They are as rare as cheap wraparound penthouses in NYC: adults without cellphones.
According to a recent Pew Research report, 91 percent of all American adults own cellphones. Among the young, the percentages are even higher, with 95 percent of 35-to 49-year-olds and 97 percent of 18-to-29-year-olds in the grip of an electronic leash.
But some New Yorkers are blissfully free of mobile phones -- and they're not all elderly people with poor eyesight and no desire to play Candy Crush. Reasons for opting out of the mobile universe are diverse, but often include a desire to control one's time, an aversion to stress and unworthy distractions, and a complete lack of "FOMO" (fear of missing out). "Cellphobes" tend to prize autonomy, uni-tasking, awareness of their surroundings and promptness -- and making precise plans in advance so that there is no need for follow-up phone calls.
"I have a realistic notion of my bandwidth," explained Matthew Stillman, 40, a landlord and writer. Constant connectivity "exhausts people. It exhausts me and degrades the nervous system," said the Harlem resident.
Stillman prefers to concentrate his attention on one activity and interaction at a time. Constantly juggling screens and inputs "degrades the sincerity with which I interact with people -- and I want to give them my very best," he said.
Jozsef Meszaros, 28, a lawyer, neurobiology graduate student and adjunct faculty member at Columbia University, went cell-free three years ago. Being on his own "prevents me from outsourcing my brain functions to a phone," by resorting to apps instead of figuring out routes and problems himself, Meszaros said.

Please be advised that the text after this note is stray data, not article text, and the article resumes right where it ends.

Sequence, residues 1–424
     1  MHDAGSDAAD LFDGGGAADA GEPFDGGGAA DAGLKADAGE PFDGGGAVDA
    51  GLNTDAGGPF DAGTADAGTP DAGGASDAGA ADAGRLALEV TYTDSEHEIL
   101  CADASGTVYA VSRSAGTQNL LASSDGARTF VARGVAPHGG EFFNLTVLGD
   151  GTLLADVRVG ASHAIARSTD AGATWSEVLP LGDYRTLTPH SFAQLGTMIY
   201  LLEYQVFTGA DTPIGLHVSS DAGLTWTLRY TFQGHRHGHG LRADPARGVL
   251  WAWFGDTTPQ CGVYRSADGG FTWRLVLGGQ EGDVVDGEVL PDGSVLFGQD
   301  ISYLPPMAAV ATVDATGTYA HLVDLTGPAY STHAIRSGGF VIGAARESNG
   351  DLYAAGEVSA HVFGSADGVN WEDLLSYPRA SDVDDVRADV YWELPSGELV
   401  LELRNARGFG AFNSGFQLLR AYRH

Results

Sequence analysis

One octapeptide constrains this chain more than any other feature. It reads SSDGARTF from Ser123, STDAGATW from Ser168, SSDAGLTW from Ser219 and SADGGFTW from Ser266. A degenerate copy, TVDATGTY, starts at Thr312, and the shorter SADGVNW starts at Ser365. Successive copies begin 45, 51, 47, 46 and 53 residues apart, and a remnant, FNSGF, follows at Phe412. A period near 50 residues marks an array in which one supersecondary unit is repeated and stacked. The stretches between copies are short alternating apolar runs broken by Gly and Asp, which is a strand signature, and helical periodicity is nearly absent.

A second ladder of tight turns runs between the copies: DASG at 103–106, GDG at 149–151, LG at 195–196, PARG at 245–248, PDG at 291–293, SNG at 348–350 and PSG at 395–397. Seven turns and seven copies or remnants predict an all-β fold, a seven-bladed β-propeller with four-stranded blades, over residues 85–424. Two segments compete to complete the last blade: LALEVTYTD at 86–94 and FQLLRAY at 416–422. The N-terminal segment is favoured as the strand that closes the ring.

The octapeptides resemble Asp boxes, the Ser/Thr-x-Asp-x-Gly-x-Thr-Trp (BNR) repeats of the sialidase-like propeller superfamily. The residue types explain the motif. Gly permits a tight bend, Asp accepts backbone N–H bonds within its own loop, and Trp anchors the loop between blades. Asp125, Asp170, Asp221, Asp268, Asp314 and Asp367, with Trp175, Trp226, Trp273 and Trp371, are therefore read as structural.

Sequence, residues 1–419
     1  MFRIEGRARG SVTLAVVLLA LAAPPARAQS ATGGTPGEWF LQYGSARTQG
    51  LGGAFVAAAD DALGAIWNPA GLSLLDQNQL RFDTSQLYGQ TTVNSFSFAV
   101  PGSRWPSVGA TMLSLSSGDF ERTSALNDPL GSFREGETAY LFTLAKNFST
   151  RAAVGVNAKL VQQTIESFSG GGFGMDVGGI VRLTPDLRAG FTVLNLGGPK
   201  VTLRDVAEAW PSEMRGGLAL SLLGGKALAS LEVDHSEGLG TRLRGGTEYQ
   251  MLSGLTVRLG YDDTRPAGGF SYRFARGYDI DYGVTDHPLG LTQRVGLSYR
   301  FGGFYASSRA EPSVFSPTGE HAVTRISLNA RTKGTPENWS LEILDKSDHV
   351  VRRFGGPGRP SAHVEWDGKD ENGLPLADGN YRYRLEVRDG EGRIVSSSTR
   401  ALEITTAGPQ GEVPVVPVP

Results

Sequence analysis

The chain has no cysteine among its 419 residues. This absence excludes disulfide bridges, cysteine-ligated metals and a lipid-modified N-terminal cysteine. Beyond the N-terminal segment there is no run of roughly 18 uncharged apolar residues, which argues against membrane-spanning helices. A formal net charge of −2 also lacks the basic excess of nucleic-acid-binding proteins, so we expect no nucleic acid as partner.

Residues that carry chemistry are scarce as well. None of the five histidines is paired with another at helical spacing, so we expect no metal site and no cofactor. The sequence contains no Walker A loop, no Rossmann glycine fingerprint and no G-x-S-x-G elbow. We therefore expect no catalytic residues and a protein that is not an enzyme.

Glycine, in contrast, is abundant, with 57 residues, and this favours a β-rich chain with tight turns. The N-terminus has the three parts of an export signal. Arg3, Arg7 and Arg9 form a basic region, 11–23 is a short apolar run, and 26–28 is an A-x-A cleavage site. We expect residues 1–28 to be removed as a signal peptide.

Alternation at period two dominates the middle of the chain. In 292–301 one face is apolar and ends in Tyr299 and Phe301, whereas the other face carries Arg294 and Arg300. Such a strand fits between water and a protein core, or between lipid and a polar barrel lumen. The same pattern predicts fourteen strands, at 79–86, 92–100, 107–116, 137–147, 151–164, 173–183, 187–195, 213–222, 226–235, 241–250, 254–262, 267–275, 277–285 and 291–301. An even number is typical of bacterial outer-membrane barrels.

Meszaros, who lives in Washington Heights, posited that people who are very attached to their phones have highly responsive reward centers in their brains: They're biologically primed for "consuming and winning, and climbing up various hierarchies and proliferating their social influence," Meszaros said.
He, however, "is not very competitive," prefers socializing in person, and has little use for the opportunities beckoning from the digital world. "I don't need to scan the bar code of my favorite restaurant to get deals," he said.
Steven Doin, 17, of Long Island City, cut the cordless after losing his fourth or fifth cellphone. "I'm irresponsible with phones," Doin said. He borrows friends' phones to apprise his mom of his whereabouts and hands out his mother's number to people who want his contact info.
Serving as his secretary "is a little bit stressful, but at least I know who he's connecting with," said Doin's mom, Irma Viera.